Ok, i'll retry in a lesser trolly way so...
First of all uint8_t
isn't a shortcut, it's a macro ( preprocessor definition ) or compiler type definition, the C preprocessor will substitute every occurrence of that word in the code with something else.
means "Unsigned INTeger 8 bit long data Type" and then, its equivalent in standard C99 for any 8bit or bigger address length processor is unsigned char
, a bitfields that can contain integral values between 0x0 and 0xFF ( 0 - 255 ).
Other useful macros like this are uint16_t, uint32_t, uint64_t, uint128_t, int8_t, int16_t, int32_t, int64_t, int128_t
, each used to declare a specific data type, in size and signess, they are provided almost just for cross compatibility ( for instance on arduino uint16_t
is unsigned int
, while on usual x86 desktop processor is unsigned short
due to the nature of the Atmel cpu it has on board ).
The use of uint_8
inside the Arduino core files is due to the strict relation between the Atmel GCC (Gnu Compiler Collection) and the *NIX based GCC, wich storically has been used with this kind of core data types ( usually declared in /usr/include/stdint.h ), almost every UNIX or GNU/Linux system cores ( any kind of system that strictly follows the POSIX specifications ) have been written using those kind of keyword, while Windows systems are historically written with similar BYTE, WORD, DWORD
Because Atmel choose to use a semi-standard gcc *NIX based tool-chain they kept as a legacy the use of the "stdint.h" file ( look in [Your Arduino folder]/hardware/tools/avr/avr/include/stdint.h
, at line 79 there is our friend uint8_t
), but as you see this has nothing to do with Arduino, but with its third-party toolchain.
This is why ( i think ) there should not be a topic about it on the Arduino documentation, at least i could understand something about their specific byte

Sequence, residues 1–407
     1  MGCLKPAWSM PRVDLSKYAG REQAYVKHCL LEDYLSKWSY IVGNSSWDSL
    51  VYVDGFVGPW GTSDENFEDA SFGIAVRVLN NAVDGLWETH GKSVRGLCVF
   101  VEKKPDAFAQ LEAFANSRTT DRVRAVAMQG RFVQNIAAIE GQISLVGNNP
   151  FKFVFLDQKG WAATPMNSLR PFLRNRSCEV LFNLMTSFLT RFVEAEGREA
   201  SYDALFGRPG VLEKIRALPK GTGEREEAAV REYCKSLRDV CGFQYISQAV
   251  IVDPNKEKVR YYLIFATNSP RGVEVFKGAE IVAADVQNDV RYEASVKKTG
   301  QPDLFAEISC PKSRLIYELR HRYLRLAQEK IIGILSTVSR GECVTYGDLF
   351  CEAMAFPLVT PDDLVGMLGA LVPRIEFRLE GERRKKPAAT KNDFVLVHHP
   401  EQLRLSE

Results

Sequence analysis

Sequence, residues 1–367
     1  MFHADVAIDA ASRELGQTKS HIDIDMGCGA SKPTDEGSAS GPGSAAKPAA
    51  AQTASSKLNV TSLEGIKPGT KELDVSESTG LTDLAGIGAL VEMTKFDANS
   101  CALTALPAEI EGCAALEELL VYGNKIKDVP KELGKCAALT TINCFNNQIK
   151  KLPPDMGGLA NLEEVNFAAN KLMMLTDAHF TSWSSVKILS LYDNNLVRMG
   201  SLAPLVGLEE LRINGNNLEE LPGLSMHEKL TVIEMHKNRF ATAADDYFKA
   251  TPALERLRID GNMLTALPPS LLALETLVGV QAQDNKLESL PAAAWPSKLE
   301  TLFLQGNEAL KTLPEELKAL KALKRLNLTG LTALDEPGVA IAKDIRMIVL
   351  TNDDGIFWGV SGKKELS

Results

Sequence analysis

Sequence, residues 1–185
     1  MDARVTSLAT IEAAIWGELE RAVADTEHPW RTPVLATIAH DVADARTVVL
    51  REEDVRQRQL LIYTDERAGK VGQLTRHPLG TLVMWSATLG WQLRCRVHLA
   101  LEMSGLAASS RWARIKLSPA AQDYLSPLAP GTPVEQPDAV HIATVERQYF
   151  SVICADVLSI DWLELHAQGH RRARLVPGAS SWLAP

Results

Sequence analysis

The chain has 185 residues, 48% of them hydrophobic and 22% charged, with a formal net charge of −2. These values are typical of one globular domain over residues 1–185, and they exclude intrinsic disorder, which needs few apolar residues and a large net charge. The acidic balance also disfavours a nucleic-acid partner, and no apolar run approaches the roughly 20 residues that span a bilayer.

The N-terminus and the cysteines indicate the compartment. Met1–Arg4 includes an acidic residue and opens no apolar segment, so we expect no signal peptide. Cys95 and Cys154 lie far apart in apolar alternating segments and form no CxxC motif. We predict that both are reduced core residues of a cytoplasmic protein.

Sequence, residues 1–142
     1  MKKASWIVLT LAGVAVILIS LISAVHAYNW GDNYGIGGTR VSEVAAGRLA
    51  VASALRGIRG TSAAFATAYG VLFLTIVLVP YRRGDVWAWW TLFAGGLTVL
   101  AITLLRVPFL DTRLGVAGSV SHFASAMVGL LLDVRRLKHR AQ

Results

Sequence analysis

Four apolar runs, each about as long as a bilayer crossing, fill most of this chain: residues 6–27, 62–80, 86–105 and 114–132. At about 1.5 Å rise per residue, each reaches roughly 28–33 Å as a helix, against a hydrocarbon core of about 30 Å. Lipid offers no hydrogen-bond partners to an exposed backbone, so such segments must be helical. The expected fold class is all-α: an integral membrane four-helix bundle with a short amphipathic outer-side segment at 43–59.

( defined in [Your Arduino folder]/hardware/arduino/cores/arduino/Arduino.h
line 94 ) but it is so much self explanatory that would be somewhat redundant.
I hope my answer will be more usefull this time and will give u more details to solve you question.
@cunctator: Your approach is harmful, we are all here to learn. Is prohibited to attack verbally other users.
Please change your attitude to beginners, if you are an expert, spread your knowledge if you want.
My attempt was not to attack anyone, just to say that this product is an advanced piece of hardware and software, not an entry point for beginner coders, for instance the 2K available memory management is something that even a skilled programmer feels hard to handle in complex projects, the way timers and interrupts are fired needs some background for beeing used in a safe and productive way, serial communication needs precise optimization, and that's asynchronous!
(you?) Arduino guys made a great work making it easy to use, but still there is GCC, and AR behind the corner and much more that needs some kind of know-how, background and competence.
Nothin against beginners ( we were all noobs
) but a learning curve exsists because we cannot just jump to the top, and even if Arduino is not (yet) the top, it lies high!